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I stumbled upon my first Feelings Wheel early on as a therapist intern. At first, I used it for my own work to help me identify what I was feeling with my partner as my limited vocabulary around emotions meant I was not accurate with my communication.

How to Use The Feelings Wheel

To increase my vocabulary, I would read each word on ’the wheel’, pause and see if the word had a felt sense someplace within me. If I didn’t feel anything quickly I would move on to the next word. When a word or words produced a little something—a slight pang of familiarity, a tingle or tightness in my belly or chest—I would take a longer pause and reflect on the word and feeling at the same time.

I called this ‘poking myself with the wheel’, and over time the pokes helped me to process feelings that had been held inside me for a very long time. It was uncomfortable and sometimes painful, but the side effects were not only an improved vocabulary, but also better communication and dialogue with my partner and clients.


Name It to Tame It

When I decided to bring the wheel into the therapy room, I noticed how some clients were eager to label what they were feeling and others would briefly glance at the wheel and then put it down.

There are no right or wrong answers with the wheel, but I did notice that the clients who were open to exploring and ‘poking’ themselves with the words on the wheel would feel better after our session, as well as in between sessions.

For these clients, the wheel was a bridge of sorts to introduce ways they could slowly tolerate the discomfort of these emotions and help them express what they needed from loved ones or friends to soothe and comfort the pain.

Turns out, there is a bunch of research on this that psychiatrist and author Dr. Dan Siegel calls ‘name it to tame it’, which is a fun way to describe the way the left and right hemisphere respond to emotions being labeled and in turn calm our whole system down.

A research study conducted by UCLA professor of psychology, Matthew D. Lieberman, found that when we feel angry we have increased activity in the part of the brain called the amygdala. The amygdala is responsible for detecting fear and setting off a series of responses to protect the body from danger. Lieberman and team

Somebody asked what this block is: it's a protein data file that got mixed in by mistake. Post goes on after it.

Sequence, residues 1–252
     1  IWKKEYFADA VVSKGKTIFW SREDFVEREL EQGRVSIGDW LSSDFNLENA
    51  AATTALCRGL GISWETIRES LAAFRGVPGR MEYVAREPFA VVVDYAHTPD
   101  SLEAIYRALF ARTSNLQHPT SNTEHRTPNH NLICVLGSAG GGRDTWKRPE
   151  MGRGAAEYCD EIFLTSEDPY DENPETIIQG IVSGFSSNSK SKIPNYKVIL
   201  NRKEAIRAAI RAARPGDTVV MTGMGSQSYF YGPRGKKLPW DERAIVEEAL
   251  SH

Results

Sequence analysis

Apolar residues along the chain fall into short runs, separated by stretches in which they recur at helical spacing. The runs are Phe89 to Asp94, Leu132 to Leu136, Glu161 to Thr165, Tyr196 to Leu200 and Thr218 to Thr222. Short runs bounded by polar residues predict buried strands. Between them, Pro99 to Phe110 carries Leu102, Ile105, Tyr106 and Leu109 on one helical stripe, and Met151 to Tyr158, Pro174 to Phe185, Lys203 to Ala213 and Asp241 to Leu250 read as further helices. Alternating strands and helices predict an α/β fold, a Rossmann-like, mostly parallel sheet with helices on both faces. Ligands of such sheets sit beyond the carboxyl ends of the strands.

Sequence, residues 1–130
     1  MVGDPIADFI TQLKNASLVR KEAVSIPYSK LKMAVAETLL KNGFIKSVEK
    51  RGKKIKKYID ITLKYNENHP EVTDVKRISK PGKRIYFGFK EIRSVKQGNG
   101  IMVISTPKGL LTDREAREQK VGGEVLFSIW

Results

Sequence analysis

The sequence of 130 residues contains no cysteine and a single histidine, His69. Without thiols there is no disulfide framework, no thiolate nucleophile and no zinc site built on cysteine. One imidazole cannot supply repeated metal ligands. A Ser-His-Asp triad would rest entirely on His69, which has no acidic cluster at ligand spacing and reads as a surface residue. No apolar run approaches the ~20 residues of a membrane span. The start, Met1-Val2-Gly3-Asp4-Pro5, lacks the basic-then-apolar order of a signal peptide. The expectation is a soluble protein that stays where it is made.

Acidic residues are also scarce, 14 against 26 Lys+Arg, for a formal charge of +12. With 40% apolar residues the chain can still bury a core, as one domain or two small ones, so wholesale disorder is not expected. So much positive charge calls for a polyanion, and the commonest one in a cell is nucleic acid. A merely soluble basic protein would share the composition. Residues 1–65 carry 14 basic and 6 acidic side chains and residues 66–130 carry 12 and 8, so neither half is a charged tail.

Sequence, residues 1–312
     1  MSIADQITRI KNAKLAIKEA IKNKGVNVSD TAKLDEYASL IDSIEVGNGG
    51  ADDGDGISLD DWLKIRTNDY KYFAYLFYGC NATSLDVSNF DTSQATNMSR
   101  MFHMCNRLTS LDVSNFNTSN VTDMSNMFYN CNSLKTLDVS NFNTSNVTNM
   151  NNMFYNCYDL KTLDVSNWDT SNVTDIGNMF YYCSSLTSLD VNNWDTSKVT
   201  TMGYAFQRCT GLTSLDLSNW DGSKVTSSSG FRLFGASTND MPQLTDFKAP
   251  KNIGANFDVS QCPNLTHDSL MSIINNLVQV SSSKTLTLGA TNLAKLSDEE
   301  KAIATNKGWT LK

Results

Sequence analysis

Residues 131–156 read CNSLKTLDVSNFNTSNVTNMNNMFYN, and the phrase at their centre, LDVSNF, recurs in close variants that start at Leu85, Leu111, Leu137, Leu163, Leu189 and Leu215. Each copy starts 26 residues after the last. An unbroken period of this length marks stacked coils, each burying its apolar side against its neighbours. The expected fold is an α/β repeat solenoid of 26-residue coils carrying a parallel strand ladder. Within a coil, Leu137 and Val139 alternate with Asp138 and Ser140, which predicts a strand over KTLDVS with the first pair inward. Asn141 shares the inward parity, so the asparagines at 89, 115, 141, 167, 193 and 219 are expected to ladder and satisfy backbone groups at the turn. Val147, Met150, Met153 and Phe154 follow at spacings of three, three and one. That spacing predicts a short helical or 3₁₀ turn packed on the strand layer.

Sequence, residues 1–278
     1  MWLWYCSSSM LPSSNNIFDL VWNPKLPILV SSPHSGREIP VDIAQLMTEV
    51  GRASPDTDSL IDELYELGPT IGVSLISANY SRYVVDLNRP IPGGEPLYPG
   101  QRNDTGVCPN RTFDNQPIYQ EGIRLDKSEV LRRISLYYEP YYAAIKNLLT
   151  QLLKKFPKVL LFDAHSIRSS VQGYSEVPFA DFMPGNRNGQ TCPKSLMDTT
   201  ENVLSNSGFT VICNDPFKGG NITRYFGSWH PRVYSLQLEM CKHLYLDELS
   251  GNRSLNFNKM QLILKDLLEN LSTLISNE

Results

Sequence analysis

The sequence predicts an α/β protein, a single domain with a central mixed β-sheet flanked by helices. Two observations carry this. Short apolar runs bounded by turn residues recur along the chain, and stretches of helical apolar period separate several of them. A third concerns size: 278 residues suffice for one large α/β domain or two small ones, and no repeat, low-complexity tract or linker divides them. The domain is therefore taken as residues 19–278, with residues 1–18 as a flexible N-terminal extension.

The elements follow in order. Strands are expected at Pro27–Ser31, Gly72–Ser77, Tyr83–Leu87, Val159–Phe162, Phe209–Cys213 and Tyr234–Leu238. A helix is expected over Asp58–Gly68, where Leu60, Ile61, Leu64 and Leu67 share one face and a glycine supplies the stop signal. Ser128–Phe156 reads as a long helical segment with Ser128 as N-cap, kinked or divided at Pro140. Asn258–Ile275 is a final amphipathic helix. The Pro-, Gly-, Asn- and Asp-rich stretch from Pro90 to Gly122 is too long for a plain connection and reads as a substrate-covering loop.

found a noted a decreased response in the amygdala when the feeling of anger was labeled and talked about by the participant, which in turn increased activity in the right ventrolateral prefrontal cortex (the part of the brain involved in processing emotions).

According to Lieberman:

When you put feelings into words, you’re activating this prefrontal region and seeing a reduced response in the amygdala. In the same way you hit the brake when you’re driving when you see a yellow light -- when you put feelings into words you seem to be hitting the brakes on your emotional responses.

The Effect of Mindfulness on the Amygdala

The research team also found that participants who practiced mindfulness had more right brain activation, which in turn lessened the activation of the amygdala. The findings suggest that mindfulness meditation is key to regulating the emotional responses connected to an activated amygdala.

Spend some time with the feelings wheel and see for yourself if connecting labels that accurately describe what you are feeling helps to decrease the intensity of what you are experiencing.

While contemplating The Feelings Wheel, we recommend you inhale and exhale deeply in order to send your body a signal of safety.

-Cyndi Collen, LCSW 

If you struggle with depression, anxiety, or a mood disorder, coupled with chronic illness and/or digestive problems, you could benefit from the integrative nutrition and mindfulness-based treatment options available at Flourish

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